Relationships

From Love Bombing to Boredom: Is ADHD to Blame for Mercurial Relationship Cycles?

Hyperfocus on a new relationship and partner — showering them with gifts and attention — may be mistaken for love bombing, especially when the heat begins to cool. This cycle is not present in most relationships touched by ADHD, but it does impact a population of ADDitude readers, some of whom share their stories here.

Love bombing looks this this: flower deliveries at work, text messages at all hours, and talk of “soul mates” after just a few dates. But unlike the calculated manipulation that’s part of the gaslighting cycle, when an infatuated adult with ADHD focuses 110 percent of their attention on a new partner, this obsession may be neurological rather than psychological. It may not be intentional “love bombing” at all.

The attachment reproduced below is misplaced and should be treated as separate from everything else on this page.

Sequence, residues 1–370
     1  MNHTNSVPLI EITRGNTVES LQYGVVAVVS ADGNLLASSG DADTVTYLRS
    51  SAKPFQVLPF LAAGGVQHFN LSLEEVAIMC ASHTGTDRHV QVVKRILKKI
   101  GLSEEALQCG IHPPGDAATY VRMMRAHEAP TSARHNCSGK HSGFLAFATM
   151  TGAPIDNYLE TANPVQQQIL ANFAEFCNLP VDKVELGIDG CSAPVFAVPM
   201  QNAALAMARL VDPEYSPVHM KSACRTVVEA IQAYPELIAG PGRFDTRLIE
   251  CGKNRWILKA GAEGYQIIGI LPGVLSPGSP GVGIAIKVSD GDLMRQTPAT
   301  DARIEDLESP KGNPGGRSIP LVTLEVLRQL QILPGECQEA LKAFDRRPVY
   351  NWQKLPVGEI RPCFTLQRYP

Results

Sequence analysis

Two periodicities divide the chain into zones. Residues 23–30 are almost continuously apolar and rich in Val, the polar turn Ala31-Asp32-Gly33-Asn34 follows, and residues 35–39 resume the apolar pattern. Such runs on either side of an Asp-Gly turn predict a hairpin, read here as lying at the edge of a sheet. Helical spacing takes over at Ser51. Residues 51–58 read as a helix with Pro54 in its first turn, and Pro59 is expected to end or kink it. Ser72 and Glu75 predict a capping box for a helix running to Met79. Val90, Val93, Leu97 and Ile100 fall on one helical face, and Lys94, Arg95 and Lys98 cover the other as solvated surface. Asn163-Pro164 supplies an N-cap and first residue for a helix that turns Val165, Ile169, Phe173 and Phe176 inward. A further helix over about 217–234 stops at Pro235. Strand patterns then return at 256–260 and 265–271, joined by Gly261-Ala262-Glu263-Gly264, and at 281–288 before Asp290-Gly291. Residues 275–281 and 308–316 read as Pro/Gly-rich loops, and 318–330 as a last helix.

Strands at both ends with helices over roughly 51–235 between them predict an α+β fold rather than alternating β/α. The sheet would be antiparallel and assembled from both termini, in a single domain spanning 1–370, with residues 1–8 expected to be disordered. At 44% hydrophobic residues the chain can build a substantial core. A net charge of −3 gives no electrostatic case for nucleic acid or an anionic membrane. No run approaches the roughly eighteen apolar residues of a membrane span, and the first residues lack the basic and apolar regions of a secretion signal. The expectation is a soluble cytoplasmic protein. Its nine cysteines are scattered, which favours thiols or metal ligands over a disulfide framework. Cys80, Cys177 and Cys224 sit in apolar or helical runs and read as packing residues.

Could this relationship hyperfocus be fueled by the ADHD brain and its affinity for novelty, craving for stimulation, need to satisfy curiosity or rise to a challenge? Could their enthusiasm may be mistaken for love bombing? Could it reflect low self-esteem and approval-seeking tendencies?

The roots of hyperfocus in ADHD relationships are complex, but the end result is often clear: While some partners may feel smothered, many get swept away by the over-the-top adoration. Then, when the obsessive love fades — or, more commonly, ends abruptly — the other partner feels abandoned and keenly bereft. It is an emotionally hurtful problem that impacts some — though certainly not all — adults with ADHD.

Below, adults with and without ADHD share their experiences with this pattern from both sides of the relationship. Read their stories and add yours to the Comments section below.